Heart Valve Disease
If you or a loved one suffers from heart valve disease, see the descriptions below about the kinds of disease treated by The Valve Center.
The aortic valve is located between the left ventricle (lower heart pumping chamber) and the aorta, which is the largest artery in the body. Valves maintain one-way blood flow through the heart.
When the opening of the aortic valve narrows, the result is lower blood flow. As aortic stenosis worsens, the condition can become life-threatening. This disease may begin due to an infection, rheumatic fever, or a hereditary issue. If you live with aortic stenosis, you may experience symptoms like chest pain, fatigue, shortness of breath, lightheadedness, or difficulty during exercise.
|Fig. 1 The leaflets of a healthy aortic heart valve open wide to allow oxygenated blood to flow unobstructed through the valve into the aorta where it flows out to the rest of the body.||Fig. 2 The leaflets of a stenotic or calcified aortic heart valve are unable to open wide, obstructing blood flow from the left ventricle into the aorta. The narrowed valve allows less oxygenated blood to flow through and as a result, less oxygen-rich blood is pumped out to the body which may cause symptoms like severe shortness of breath.|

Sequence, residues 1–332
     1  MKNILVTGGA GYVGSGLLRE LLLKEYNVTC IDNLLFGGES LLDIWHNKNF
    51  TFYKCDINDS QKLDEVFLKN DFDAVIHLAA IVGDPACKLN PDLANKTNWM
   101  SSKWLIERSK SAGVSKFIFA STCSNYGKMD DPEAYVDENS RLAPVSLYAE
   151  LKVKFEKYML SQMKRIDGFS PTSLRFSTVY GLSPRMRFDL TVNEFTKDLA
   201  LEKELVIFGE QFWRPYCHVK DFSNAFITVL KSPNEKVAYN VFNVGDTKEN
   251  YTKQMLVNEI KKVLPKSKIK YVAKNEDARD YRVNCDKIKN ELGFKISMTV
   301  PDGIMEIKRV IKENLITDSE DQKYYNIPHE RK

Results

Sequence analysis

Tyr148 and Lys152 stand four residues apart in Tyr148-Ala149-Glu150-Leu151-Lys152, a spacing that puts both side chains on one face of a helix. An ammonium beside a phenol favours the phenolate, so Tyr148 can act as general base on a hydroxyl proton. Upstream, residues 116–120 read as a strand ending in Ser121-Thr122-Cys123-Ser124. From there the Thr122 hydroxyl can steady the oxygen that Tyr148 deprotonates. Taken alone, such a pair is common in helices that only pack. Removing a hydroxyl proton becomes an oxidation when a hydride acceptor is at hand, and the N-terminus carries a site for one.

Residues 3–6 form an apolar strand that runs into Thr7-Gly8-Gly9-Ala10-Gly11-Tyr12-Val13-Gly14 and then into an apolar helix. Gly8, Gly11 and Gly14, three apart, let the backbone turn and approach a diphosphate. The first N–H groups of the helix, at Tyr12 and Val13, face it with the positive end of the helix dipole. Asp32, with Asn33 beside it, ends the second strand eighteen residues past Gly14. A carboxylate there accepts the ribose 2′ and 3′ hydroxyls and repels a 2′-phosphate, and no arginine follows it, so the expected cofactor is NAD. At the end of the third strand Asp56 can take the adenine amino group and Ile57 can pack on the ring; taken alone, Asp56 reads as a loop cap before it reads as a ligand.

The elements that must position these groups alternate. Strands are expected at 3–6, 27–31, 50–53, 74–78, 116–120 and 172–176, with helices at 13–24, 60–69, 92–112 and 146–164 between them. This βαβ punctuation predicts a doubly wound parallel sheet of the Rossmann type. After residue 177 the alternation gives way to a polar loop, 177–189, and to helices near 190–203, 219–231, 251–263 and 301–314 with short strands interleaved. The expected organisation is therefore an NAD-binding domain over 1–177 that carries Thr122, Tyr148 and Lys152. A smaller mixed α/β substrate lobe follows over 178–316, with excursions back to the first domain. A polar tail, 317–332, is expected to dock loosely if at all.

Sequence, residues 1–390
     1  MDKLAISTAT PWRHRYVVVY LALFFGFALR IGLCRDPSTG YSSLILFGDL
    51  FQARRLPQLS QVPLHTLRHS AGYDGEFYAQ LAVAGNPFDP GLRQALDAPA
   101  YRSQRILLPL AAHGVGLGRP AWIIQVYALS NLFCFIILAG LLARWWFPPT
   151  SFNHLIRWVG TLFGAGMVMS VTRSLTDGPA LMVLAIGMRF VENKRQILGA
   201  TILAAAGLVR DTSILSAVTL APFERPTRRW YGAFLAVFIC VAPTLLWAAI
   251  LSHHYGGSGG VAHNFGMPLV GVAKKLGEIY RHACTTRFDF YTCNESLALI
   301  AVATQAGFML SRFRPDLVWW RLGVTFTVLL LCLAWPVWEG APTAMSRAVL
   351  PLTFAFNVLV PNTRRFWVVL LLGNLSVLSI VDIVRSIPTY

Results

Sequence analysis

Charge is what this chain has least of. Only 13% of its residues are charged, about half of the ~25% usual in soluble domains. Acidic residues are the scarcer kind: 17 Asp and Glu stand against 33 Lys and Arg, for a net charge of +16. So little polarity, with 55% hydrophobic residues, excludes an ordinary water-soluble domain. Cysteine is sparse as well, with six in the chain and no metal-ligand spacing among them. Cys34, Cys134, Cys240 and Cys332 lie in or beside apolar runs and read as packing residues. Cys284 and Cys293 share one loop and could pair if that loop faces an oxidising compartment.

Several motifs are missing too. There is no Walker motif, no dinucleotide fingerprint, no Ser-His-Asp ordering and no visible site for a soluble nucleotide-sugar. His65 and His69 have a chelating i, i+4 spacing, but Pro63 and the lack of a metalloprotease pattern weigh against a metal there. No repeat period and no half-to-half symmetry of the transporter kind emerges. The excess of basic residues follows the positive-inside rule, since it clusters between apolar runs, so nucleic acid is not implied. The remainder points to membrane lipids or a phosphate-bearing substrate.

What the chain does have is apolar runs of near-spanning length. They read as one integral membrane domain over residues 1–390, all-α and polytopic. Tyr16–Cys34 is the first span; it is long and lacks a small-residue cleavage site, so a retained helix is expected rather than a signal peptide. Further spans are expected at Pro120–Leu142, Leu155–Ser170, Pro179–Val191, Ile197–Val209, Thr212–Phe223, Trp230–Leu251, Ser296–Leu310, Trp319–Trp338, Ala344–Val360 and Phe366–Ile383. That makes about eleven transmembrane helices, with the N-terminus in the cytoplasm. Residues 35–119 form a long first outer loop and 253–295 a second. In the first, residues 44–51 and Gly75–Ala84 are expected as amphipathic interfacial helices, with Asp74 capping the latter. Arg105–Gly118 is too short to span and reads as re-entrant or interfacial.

The Mitral Valve
Blood that flows between different chambers of your heart must flow through a valve. The valve between the two chambers on the left side of your heart is called the mitral valve. It opens up enough so that blood can flow from the upper chamber of your heart (left atria) to the lower chamber (left ventricle). It then closes, keeping blood from flowing backwards.
Mitral Stenosis/Rheumatic Heart Disease
Mitral stenosis means that the valve cannot open enough. As a result, less blood flows to the body. The upper heart chamber swells as pressure builds up. Blood and fluid may then collect in the lung tissue, making it hard to breathe.
In adults, mitral stenosis occurs most often in people who have had rheumatic fever. This is a disease that can develop after an illness with strep throat that was not properly treated.
The valve problems develop 5 - 10 years or more after having rheumatic fever. Symptoms may not show up for even longer. Rheumatic fever is becoming rare in the United States because strep infections are most often treated. This has made mitral stenosis less common.
When the mitral valve doesn’t close correctly, blood leaks back into the left atrium of the heart. Mitral regurgitation is the most common form of heart valve disease, and patients with this condition may experience a heart murmur, shortness of breath, fatigue, swollen feet or ankles, lightheadedness, or other symptoms. Though mild cases may never pose a serious risk, severe cases will cause heart complications and require a surgical response.